Saturday, March 13, 2010

Complicated Mourning conference

I thoroughly enjoyed my time in Ft. Collins, CO at the beginning of the month. Alan Wolfelt was exceptional, as always. "Understanding and Responding to Complicated Mourning" exceeded my expectations- so much good information to process! The training was not held at The Center for Loss and Life Transition this time. I had so been looking forward to the peaceful retreat but there is some construction going on in the area so we met at a conference center instead. When Kerri emailed about the change in location, I pictured some cavernous room that would not be conducive to learning, at least not in line with Alan's vision for these trainings. However, we were in a small room, complete with an eating area. It may not have been the Center for Loss but it worked well for our group. It turns out that it's the people that make the training, not the location! Alan keeps the trainings small so there were 16 of us, including a woman who was at the Comprehensive Bereavement training I attended last May. Such a variety of backgrounds! I think I was the only social worker- there were hospice volunteers, chaplains, bereavement coordinators, and even a nurse. And there was even someone my age this time! I'm so used to being the "young'un" wherever I go. There's such a sense of intimacy in these groups because of what we do but also the stories we share. Alan creates a safe place for us to share not only our personal losses but also the teaching moments with the clients we serve.

Some take-aways from the training itself:
Alan uses the term "Complicated" instead of Abnormal, Pathological, Atypical, or Unresolved when it comes to grief. Complicated is a hope-based term, whereas the others indicate something gravely wrong and unlikely to change. Grief, as a reminder, is an internal process and by it's very nature is complicated. Mourning is an external process, or "grief gone public," and influences change and movement. If someone is unable to mourn a loss, for whatever reason, their grief often becomes complicated.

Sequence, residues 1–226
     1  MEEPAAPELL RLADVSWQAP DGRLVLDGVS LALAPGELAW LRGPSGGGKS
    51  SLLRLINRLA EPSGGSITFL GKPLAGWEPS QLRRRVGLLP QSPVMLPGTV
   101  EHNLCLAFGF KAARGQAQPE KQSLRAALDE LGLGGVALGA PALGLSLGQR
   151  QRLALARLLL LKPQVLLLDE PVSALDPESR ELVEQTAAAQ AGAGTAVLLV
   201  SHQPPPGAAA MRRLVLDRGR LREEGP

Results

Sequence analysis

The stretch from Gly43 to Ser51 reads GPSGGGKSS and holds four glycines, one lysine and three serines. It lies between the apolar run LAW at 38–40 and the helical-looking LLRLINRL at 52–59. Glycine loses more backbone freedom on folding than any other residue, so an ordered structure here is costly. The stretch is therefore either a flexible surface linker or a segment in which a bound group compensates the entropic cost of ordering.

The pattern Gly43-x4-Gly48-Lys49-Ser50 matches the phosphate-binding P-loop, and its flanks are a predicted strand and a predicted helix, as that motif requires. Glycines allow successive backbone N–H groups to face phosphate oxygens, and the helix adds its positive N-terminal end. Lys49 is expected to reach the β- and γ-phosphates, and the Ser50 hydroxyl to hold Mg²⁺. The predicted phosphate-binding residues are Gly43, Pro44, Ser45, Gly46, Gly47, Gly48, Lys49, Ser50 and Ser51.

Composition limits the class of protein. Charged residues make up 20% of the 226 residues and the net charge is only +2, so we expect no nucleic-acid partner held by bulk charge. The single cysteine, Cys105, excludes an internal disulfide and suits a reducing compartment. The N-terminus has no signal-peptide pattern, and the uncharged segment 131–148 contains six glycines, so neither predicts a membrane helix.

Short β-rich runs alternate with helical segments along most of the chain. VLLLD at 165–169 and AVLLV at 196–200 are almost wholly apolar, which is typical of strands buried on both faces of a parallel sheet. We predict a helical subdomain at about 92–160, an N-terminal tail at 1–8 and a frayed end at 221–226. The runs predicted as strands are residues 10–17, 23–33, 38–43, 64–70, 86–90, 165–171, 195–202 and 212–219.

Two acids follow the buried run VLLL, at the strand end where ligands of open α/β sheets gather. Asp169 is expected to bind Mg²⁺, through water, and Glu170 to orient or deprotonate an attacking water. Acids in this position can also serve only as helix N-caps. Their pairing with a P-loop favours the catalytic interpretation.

The factors that naturally influence complicated mourning are the circumstances of the death, survivor's psychological traits (i.e. personality), survivor's relationship with the person that died, survivor's inability to express feelings (grieve but don't mourn), and family systems issues.

There are 4 categories of complicated mourning. In Absent Mourning, no apparent feelings of grief are expressed, often resulting in emotional, physical, and spiritual turmoil. In Distorted Mourning, a heightened response occurs in one of the normal dimensions of grief and does not soften over time. Anger, guilt, depression, and anxiety are the most common. With Converted Mourning, the person attempts to go around grief, instead of through it. The person may demonstrate behaviors and symptoms resulting in personal distress but are unable to trace their presence to the loss, based on whatever "avoidance response style" they are using. This may be due to our mourning-avoidant culture, a high need for self-control, lack of long-term support, or an intolerance for pain or feelings of helplessness. Hurting is part of healing; if this is suppressed, absent mourning occurs. In Chronic Mourning, the acute symptoms of grief do not change over time and there are conscious or unconscious efforts to keep the dead person alive. This is often inappropriately applied to people- some denial can be normal and healthy when a loss occurs. We tend to dose ourselves while mourning a loss- a little bit of pain here and there as integrate the loss in to our lives.

Dying to learn more? Go to a training for yourself! Alan and his staff seriously pamper everyone who comes to a training. It truly is a nice getaway, combined with an excellent educational experience. Sadly, Alan may not continue these trainings past this year so it's best to sign up for the trainings left in 2010. Go to the Center for Loss website to see the training schedule and find out if any spots are left. I'd love to go to a couple more trainings but I'm not sure I'll have time or money to get back before the year ends. Personally, I'm praying that Alan will figure out a way to continue doing this one way or another. If you can't go, then at least check out Alan's many, many books- a virtual treasure trove of information. I was particularly impressed with one of his latest: Healing Your Grieving Body: 100 Physical Practices for Mourners. It's filled with soothing tips.

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